Cross-dimensional mapping of number, length and brightness by preschool children

PLoS One. 2012;7(4):e35530. doi: 10.1371/journal.pone.0035530. Epub 2012 Apr 19.

Abstract

Human adults in diverse cultures, children, infants, and non-human primates relate number to space, but it is not clear whether this ability reflects a specific and privileged number-space mapping. To investigate this possibility, we tested preschool children in matching tasks where the dimensions of number and length were mapped both to one another and to a third dimension, brightness. Children detected variation on all three dimensions, and they reliably performed mappings between number and length, and partially between brightness and length, but not between number and brightness. Moreover, children showed reliably better mapping of number onto the dimension of length than onto the dimension of brightness. These findings suggest that number establishes a privileged mapping with the dimension of length, and that other dimensions, including brightness, can be mapped onto length, although less efficiently. Children's adeptness at number-length mappings suggests that these two dimensions are intuitively related by the end of the preschool years.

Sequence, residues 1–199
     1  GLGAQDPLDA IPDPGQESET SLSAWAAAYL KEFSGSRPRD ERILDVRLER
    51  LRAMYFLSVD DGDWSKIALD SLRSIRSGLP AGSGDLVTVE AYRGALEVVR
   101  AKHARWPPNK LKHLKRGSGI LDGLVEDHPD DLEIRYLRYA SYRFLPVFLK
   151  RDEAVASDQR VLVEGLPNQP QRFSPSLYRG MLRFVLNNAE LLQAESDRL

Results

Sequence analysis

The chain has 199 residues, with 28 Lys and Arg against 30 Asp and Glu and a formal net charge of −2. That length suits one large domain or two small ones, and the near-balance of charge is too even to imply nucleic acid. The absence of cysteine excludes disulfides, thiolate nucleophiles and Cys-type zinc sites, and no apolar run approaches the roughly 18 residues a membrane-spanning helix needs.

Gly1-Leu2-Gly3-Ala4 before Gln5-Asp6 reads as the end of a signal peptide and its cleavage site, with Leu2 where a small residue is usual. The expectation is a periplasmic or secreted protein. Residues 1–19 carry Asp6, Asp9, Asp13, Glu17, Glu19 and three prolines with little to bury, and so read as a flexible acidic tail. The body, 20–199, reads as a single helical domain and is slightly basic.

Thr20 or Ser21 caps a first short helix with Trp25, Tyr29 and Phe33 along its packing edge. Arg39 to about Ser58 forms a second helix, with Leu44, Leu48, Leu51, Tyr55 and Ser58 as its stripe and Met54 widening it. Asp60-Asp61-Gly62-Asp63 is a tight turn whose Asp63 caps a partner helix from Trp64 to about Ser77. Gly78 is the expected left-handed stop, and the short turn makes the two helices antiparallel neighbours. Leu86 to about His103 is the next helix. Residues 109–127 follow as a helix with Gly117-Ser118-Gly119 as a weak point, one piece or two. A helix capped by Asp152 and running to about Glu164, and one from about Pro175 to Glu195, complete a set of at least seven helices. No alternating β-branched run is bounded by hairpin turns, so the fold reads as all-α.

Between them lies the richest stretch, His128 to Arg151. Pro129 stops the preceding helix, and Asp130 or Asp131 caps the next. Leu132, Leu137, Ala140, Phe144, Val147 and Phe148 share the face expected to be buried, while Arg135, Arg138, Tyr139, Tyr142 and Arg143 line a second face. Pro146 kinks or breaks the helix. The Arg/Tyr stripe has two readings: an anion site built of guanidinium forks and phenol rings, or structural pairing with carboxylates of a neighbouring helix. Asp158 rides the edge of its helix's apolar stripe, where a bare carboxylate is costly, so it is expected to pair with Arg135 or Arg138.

Publication types

  • Research Support, N.I.H., Extramural
  • Research Support, Non-U.S. Gov't

MeSH terms

  • Analysis of Variance
  • Child, Preschool
  • Humans
  • Mathematical Concepts*
  • Perception*
  • Size Perception